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Tata Motors gets a makeover, once again

But Tata Motors still wants to be a full service player. At the Auto Expo that just ended, it showcased its new range of products — Zica, Kite5, Nexon and Hexa. None of them resemble the Indica.

business Updated: Feb 15, 2016 18:37 IST
Sunny Sen
Tata Motors

Tata’s Timothy Liverton and Cyrus Mistry show off the new Tata Zica hatchback at the Auto Expo. (Ravi Choudhary/HT Photo)(Hindustan Times)

Five years ago when Timothy Liverton joined Tata Motors as the head of product planning and engineering, the domestic carmaker was struggling to keep its head above water. Indica, the company’s most sold car, had fallen from its prime in 2004. It looked old and weary, as if creaking under its own weight.

Hyundai i10 and i20, Maruti Swift, Toyota Liva, Ford Figo, and Volkswagen Polo had entered the market with superior style and better technology. That relegated the Indica to just the fleet operators’ favourite. Soon, even they shifted loyalty to Maruti’s Dzire, and Toyota’s Etios. Tata Motors’ market share is down to a third of its peak of 16.9% in 2004-05. “The industry has changed a lot,” says Liverton, who has worked with BMW and Jaguar-LandRover (JLR) — the latter is now owned by Tata Motors.

Two years ago, Tata Motors launched a campaign called Horizon Next. It sounded more like a marketing gimmick. Two new products were launched, the Zest and the Bolt. Though the cars had interesting features and did not look like the Indica, they were modified extension of the old platform. They did not do well.

The new “cool” cars

In the 1990s two Indian commercial vehicle makers — Tata Motors and Mahindra and Mahindra (M&M) — wanted to become full-service automobile manufacturers. M&M wanted a larger play in the SUV market, and Tata in passenger cars. M&M did try to make cars in partnership with Renault, but its only product, the Logan bombed. “We will be an SUV player. Even our latest launch is a crossover SUV,” says Pawan Goenka, executive director of M&M.

But Tata Motors still wants to be a full service player. At the Auto Expo that just ended, it showcased its new range of products — Zica, Kite5, Nexon and Hexa. None of them resemble the Indica.

Hexa is an SUV, to be launched next year. Zica, the “zippy” car, which is looking for a new name after the Zika virus outbreak, is an all new car. “We are also coming out with a new sedan (Kite 5),” says Girish Wagh, senior vice-president – programme, planning and management for passenger cars.

Wagh’s challenge is to launch two new products every year. “It was important for the brand to be cool, for the cars to look sleeker, to have infotainment and connectivity gadgets,” says Wagh. Every time Tata Motors launches a car, it will be more youthful. That is important. “If you can’t get people through the door of your dealership you are in trouble,” says design head Pratap Bose.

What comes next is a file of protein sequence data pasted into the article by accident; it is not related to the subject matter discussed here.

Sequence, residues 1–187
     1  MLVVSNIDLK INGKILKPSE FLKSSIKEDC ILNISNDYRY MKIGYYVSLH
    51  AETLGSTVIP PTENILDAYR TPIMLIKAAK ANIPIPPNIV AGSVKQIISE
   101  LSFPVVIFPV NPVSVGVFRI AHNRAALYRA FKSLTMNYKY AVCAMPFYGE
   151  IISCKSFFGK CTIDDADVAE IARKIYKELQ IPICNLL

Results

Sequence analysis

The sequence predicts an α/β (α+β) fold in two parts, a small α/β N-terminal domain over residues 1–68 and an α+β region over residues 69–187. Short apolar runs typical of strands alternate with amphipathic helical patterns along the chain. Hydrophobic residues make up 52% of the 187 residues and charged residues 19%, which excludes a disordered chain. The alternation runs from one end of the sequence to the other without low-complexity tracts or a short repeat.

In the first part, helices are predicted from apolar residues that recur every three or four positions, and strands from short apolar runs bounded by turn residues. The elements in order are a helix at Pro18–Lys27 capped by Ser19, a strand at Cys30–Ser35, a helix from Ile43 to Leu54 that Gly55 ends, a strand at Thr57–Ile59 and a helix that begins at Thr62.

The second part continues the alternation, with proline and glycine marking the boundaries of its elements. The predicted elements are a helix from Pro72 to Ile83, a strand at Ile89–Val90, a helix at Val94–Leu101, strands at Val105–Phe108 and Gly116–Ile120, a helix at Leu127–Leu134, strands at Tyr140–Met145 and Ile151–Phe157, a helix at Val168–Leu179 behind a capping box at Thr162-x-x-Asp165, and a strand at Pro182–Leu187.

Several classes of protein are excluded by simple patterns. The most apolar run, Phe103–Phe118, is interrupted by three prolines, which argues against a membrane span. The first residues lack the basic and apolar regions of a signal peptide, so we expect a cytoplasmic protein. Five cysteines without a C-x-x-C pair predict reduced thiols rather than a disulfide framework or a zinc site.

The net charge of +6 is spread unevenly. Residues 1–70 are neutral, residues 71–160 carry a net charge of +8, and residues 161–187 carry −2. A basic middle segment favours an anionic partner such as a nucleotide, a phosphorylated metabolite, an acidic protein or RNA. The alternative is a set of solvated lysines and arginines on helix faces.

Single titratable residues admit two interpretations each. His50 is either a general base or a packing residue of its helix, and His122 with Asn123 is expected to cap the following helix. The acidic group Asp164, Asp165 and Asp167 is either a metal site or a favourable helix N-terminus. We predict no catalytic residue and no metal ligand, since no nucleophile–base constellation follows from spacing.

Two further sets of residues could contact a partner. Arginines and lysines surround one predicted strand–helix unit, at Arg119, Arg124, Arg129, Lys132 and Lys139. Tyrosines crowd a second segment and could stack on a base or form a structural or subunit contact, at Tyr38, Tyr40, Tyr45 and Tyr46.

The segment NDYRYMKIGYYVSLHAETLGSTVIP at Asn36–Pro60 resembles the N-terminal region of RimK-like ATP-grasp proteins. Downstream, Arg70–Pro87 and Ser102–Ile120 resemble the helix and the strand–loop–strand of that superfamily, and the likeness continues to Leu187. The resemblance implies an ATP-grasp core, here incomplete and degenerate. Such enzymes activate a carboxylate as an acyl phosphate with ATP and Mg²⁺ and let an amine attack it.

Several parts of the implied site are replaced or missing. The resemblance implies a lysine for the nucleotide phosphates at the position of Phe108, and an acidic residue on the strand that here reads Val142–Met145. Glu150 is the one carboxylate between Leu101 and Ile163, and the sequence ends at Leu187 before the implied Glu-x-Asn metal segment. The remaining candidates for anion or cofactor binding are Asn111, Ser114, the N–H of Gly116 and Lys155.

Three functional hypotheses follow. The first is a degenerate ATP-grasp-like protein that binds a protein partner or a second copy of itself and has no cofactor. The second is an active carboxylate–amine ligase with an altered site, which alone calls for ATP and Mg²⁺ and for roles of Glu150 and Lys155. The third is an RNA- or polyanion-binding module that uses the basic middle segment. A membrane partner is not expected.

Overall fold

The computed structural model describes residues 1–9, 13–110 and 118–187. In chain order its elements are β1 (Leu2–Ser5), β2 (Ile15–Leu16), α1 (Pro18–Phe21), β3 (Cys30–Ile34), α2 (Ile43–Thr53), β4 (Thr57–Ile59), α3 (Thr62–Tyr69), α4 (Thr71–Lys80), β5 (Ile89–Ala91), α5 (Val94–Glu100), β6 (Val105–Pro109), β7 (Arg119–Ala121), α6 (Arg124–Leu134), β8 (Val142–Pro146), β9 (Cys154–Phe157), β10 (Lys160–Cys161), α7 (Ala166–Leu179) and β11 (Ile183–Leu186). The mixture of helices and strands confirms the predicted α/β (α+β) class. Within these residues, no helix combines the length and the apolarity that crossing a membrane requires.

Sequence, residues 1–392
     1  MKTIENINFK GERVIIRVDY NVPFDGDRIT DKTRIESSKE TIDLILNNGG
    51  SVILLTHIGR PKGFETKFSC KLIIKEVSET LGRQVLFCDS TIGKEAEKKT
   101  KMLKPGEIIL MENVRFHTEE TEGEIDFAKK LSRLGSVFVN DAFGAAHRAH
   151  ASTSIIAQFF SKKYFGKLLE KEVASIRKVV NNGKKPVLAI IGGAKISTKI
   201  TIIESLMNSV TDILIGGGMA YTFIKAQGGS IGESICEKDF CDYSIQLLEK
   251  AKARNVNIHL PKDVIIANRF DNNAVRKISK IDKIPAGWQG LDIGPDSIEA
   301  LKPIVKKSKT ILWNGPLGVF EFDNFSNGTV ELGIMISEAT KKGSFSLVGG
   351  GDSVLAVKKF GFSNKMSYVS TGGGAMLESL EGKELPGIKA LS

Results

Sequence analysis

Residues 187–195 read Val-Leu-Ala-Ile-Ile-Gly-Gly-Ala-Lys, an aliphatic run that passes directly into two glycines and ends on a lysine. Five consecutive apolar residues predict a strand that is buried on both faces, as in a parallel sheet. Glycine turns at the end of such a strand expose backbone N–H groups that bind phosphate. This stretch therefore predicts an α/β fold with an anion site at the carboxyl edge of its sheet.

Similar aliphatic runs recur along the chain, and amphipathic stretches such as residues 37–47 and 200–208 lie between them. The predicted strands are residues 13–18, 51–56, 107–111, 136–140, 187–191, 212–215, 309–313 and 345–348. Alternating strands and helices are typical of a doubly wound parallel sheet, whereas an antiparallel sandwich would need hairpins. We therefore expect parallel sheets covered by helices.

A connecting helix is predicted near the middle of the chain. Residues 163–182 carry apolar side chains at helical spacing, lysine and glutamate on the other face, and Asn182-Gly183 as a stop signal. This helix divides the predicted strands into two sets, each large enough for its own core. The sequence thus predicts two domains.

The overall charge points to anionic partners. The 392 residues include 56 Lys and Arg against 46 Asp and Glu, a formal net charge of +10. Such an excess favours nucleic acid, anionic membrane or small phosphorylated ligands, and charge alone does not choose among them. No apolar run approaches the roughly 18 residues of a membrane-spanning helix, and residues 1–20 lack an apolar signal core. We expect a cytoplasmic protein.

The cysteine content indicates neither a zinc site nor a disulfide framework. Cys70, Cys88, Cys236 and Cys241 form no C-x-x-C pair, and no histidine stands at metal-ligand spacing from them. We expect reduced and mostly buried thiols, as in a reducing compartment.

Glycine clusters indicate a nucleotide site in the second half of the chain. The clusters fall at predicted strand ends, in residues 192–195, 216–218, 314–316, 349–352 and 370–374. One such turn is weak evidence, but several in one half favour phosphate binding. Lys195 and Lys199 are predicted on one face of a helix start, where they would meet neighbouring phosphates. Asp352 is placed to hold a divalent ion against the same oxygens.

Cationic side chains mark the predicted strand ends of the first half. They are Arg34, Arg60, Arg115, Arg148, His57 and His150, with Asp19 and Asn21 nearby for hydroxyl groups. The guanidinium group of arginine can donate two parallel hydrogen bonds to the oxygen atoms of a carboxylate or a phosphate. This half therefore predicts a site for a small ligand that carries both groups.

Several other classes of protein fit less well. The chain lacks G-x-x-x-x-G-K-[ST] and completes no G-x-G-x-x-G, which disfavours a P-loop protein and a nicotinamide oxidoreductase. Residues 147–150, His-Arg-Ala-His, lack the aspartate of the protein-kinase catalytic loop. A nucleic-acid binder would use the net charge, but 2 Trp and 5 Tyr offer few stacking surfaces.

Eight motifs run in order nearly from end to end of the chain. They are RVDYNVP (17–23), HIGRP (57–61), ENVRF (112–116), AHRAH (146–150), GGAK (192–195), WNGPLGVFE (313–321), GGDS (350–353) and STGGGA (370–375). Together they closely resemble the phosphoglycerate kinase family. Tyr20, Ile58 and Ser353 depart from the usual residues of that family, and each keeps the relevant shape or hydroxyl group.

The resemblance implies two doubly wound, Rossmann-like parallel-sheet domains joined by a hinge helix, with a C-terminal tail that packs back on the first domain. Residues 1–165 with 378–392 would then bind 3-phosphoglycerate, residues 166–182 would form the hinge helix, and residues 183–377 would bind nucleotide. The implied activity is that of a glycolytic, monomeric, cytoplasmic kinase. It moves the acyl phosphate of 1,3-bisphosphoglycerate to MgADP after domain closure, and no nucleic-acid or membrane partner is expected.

A little bit of JLR

When Liverton joined, the design team’s office was like a cubby hole. A team of 25 people sat and designed vehicles that looked distinct from the modern ones brought in by the MNCs. Today the team has more than 300 people. Two-thirds of those are in Italy, and rest in the UK. They have started working closely with JLR.

Design and engineering have been brought together. The cars are developed, tested and produced with both the departments working in tandem. That is something JLR taught Tata Motors. Liverton also infused the team with the understanding, again learned at JLR, of how to make teams work together towards a common goal. “The development process was completely overhauled,” Liverton says. If Tata Motors launches two new vehicles every year, it will have 10 new ones by 2020. Some of those, he says, can become global products.

Tata Motors being a listed company, brokerages and bankers are taking note. “For the India business, we believe 2014-15 marked the earnings trough, and we expect gradual recovery from there, with EBITDA margins swinging from -2% in 2014-15 to 9% by 2017-18, driven by sharp volume recovery across segments,” writes Binay Singh of Morgan Stanley. EBITDA margins are a key indicator of financial health.

It’s not just about new vehicles. Liverton will have to see that the cars are also refreshed from time to time. The Indica was flogged for years with cosmetic changes. Others in the stable — Safari, Indigo, Sumo — have also spent much time looking to be in severe need of new trims. Some of the old horses may at some point be riding into the sunset. But is this a new sunrise for Tata Motors?